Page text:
According to our results, significant immediate decreases (−5.4%, 95% CI −10.0% to −0.5%) in AMI admissions were observed right after the policies while no significant change in the secular trend was detected. This is consistent with the study done in England,44 Uruguay43 52 and Indiana,47 while studies conducted in Germany57 and New York39 found a change in secular trend rather than the immediate reduction. The differences might be explained by the different extents of policy implementation, the changes in SHS exposure and different characteristics of the target population between countries.
For stroke, both immediate change (−5.6%, 95% CI −7.8% to −3.3%) and annual changes in the secular trend (−15.3%, 95% CI −16.7% to −13.9%) were observed. Previous studies had found inconsistent results in the effect of the smoking ban on stroke.26 A meta-analysis28 and studies in Scotland,77 Florida49 and Arizona37 found significant effects while the study in New York48 and Chile41 reported no effect. In China, the disease burden of stroke was much higher than in other areas in the world.13 78 Based on the large sample size of stroke hospital admissions in our study, the results added further evidence to support the effect of the tobacco control policies on stroke.
The results showed differences for annual changes in the secular trend between AMI and stroke. The different results of the two diseases may be explained by three aspects. First, the incidences of stroke and coronary heart disease in adults in Beijing in 2016 were 367.9 and 224.5 per 100 000, respectively.24 The disease burden from stroke was much higher than AMI in the study population, providing a greater potential for improvement. Second, in our study the total number of hospital admissions for stroke was three times larger than AMI. It is reasonable to capture any changes for stroke with such a large sample size. Third, more deaths occurred out of the hospital for AMI compared with stroke,79 80 therefore, it was more difficult to capture the policy effect on AMI using hospital admission.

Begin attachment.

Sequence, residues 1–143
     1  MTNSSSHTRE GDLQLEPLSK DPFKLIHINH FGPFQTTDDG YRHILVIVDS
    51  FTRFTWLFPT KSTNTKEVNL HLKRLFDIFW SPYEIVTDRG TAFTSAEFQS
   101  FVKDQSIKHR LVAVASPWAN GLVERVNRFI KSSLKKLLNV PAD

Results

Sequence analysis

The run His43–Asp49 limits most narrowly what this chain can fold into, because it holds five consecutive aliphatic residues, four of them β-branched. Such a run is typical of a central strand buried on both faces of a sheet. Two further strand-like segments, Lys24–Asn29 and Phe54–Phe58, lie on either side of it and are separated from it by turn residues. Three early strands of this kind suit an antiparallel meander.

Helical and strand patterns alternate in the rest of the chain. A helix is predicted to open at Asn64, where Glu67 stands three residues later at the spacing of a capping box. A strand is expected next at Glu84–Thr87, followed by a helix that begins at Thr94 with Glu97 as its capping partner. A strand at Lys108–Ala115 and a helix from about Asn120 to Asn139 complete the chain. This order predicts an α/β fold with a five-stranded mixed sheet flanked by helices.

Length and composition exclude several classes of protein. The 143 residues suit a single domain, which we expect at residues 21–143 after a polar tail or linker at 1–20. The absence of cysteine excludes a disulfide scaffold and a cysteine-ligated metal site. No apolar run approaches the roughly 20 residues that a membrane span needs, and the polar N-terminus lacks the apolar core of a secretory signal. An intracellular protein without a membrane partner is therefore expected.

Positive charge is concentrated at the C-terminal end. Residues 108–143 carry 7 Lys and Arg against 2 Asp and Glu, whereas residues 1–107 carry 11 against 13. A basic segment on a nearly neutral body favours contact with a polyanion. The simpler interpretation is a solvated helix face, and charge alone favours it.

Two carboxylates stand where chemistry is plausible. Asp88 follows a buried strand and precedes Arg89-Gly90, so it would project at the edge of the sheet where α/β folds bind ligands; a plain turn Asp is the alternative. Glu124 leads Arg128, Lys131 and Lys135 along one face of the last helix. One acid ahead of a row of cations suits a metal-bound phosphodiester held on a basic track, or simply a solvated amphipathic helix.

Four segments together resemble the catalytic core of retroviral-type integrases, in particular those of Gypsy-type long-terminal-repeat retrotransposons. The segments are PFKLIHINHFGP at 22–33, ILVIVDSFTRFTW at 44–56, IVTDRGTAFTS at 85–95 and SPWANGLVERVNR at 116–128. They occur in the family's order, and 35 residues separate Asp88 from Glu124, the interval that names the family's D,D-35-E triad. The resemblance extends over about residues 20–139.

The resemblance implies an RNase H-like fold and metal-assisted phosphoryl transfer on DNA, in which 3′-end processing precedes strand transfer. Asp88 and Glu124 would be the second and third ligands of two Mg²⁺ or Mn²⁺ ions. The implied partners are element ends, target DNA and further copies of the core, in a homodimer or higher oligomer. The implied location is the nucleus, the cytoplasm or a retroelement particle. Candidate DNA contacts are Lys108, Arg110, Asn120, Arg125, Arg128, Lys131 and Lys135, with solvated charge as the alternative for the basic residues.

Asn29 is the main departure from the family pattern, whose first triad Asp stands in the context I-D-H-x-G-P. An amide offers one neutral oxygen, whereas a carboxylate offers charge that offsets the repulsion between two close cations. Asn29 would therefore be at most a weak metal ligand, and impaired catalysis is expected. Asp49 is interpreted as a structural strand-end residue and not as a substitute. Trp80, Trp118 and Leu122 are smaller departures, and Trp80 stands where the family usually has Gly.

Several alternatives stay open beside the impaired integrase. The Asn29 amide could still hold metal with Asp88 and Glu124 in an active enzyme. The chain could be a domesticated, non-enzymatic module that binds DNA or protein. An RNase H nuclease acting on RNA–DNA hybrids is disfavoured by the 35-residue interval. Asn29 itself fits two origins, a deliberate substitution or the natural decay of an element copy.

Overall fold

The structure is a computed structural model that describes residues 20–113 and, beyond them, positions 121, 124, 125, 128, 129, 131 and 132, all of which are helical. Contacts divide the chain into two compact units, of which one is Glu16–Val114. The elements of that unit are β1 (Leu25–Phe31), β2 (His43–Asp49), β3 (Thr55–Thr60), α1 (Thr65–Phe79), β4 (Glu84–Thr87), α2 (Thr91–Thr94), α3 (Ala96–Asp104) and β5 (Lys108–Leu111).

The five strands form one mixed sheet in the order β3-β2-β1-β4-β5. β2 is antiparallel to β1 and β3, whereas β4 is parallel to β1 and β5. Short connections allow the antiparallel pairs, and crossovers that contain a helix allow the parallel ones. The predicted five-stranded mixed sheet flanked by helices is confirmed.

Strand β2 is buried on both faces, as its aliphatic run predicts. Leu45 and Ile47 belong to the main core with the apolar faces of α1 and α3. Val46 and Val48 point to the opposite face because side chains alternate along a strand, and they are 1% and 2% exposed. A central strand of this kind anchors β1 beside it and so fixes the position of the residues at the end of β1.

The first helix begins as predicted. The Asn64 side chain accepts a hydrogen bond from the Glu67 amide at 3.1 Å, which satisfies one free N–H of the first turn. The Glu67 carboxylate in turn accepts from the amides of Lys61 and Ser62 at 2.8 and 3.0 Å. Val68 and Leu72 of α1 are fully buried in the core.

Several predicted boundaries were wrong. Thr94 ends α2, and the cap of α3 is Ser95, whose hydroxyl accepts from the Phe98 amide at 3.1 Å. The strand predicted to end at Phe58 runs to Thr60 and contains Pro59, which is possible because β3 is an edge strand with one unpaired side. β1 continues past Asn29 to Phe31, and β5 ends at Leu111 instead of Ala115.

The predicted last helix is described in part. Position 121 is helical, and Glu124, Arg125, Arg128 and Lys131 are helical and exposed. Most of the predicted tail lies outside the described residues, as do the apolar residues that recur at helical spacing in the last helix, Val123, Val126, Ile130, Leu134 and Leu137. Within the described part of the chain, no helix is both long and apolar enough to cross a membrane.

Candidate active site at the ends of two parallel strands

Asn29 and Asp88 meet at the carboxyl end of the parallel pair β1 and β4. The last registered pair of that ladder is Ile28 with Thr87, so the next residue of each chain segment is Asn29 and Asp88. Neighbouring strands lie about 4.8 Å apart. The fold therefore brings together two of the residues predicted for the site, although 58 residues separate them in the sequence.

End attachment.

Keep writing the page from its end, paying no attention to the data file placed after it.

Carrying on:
Several studies reported diverse health effects in different sexes38 44 47 52 57 and in different age groups31 81 after the smoke-free legislation. The inconsistencies mainly come from the different distribution of social behaviour characteristics, smoking prevalence and SHS exposure between groups. In our study, the effects on stroke were significant among all the age and sex subgroups. For AMI, the lack of significance in the subgroups may be due to the relatively small sample size.
Strengths and limitations
Based on medical records for about 18 million residents, this study presented an evaluation of the strongest comprehensive tobacco control policy in mainland China. The results provide evidence for the immediate and gradual benefit on the hospital admission of stroke after the implementation of the policy. Compared with previous studies, most of which obtained the data from part of regional hospitals, the current study was based on a database that covered more than 80% of residents in the area, obtained a large number of stroke hospital records and presented reliable results. Most importantly, as China is the largest consumer of tobacco in the world, the results provide evidence to promote comprehensive tobacco control policies elsewhere, especially in regions with high tobacco consumptions.
There are several limitations in our study. First, though the hospital admission data in the study were obtained from a large claim database covering more than 80% of residents in the area, it did not cover those aged under 18 years and those unemployed. The interpretation of the results to the whole population needs to be cautious. As the hospital admissions for AMI and stroke in population below 18 years old are low, the health benefit is mainly seen in adults. However, missing unemployed in the database may result in an underestimation of the effect, since this group had higher exposure to tobacco and a higher risk of diseases, and might benefit more from the policy.60
Second, during the observation period, no other tobacco control regulation at national level or in Beijing was approved before the intervention. In the postintervention period, two other regulations, the Interim Measures for the Administration of Internet Advertising82 and the Provisions of the People’s Republic of China on Cigarette Packaging Labeling,18 were enforced in national level in September and October 2016, respectively, which may affect the health effects observed in results. The first regulation enforced ban on tobacco advertisement through the internet. According to a monitoring survey conducted by Beijing Center for Disease Prevention and Control,83 there were still large amounts of tobacco advertisement and promotion information on the internet after the regulation, indicating the compliance was not high. The second regulation strengthens warning labels on tobacco packaging, but it showed that the strength level of warning labels did not change significantly before and after the policy.84 85 Because of the low compliance, we consumed that the health effects following these two regulations were limited. Notwithstanding, we could not exclude the possibility that they bias the effect estimates upward.